Massachusetts' education department is reportedly issuing guidance on the amount of remote learning schools should use based on the coronavirus risk level in their communities.
As school districts scramble to submit reopening plans to the Department of Elementary and Secondary Education by Friday, superintendents received a memo from Commissioner Jeffrey Riley Tuesday night that would limit the use of online learning, according to The Boston Globe.
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In a June memo, Riley had directed school districts to prepare plans for three different reopening models -- in-person, remote or a mix of the two -- with school committees voting to adopt one for the start of the year. Several districts have already opted for online-only or a hybrid version of in-person and remote learning.
The deadline for the choices to be made is Aug. 14.
But officials in Massachusetts released a new color-coded map Tuesday that identifies how much the coronavirus is currently spreading in all its communities. Only 33 districts are at moderate or high risk of spreading.
Under the new guidelines for schools, only districts in those areas would meet the threshold for using any remote learning, the Globe reports, while the vast majority of other communities would be recommended to have in-person instruction full-time. A hybrid model of in-person and online learning would be allowed for districts in low-risk communities in unique circumstances, according to the memo.
"I can’t imagine why you wouldn’t go back to school, whether it’s full-time or hybrid, because you meet all the benchmarks from across the country, on whether its safe to go back to school," Gov. Charlie Baker said Tuesday of schools in low risk communities.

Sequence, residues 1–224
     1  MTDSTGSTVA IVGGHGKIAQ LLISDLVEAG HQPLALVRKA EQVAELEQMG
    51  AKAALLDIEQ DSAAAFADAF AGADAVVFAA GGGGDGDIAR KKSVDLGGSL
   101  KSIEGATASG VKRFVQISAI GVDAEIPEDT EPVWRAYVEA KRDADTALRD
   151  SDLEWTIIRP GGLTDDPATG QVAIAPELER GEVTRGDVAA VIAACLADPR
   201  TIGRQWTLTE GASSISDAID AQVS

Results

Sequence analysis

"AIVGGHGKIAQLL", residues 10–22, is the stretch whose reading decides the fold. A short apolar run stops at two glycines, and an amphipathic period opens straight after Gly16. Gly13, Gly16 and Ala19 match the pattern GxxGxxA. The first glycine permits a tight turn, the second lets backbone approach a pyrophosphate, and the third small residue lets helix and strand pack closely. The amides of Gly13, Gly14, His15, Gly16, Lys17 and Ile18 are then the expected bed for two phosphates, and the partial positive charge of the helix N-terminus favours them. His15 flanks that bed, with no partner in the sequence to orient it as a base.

The reported last-minute policy change comes amid calls for a remote-only start to the school year from teachers unions in Massachusetts. Simultaneously, some parents are pushing for schools to reopen full-time, and a group of them are gathering in protest outside the State House Wednesday.
More From Riley's Memo
“It is our expectation that districts’ learning models will follow this color-coded metric unless there are extenuating circumstances identified after consultation with local boards of health,” Education Commissioner Jeffrey Riley wrote in a memo to superintendents Tuesday night, according to the Globe. “This includes reviewing additional metrics, such as whether cases are increasing or decreasing, the local test positivity rate, and other contextual factors.”
“We understand that local school committees and governing boards, working with district and school leaders, have recently finalized or are about to finalize initial fall reopening plans. We expect these updated metrics and related guidance will support your decision-making both for school reopening and throughout the year if we encounter changing circumstances," Riley added.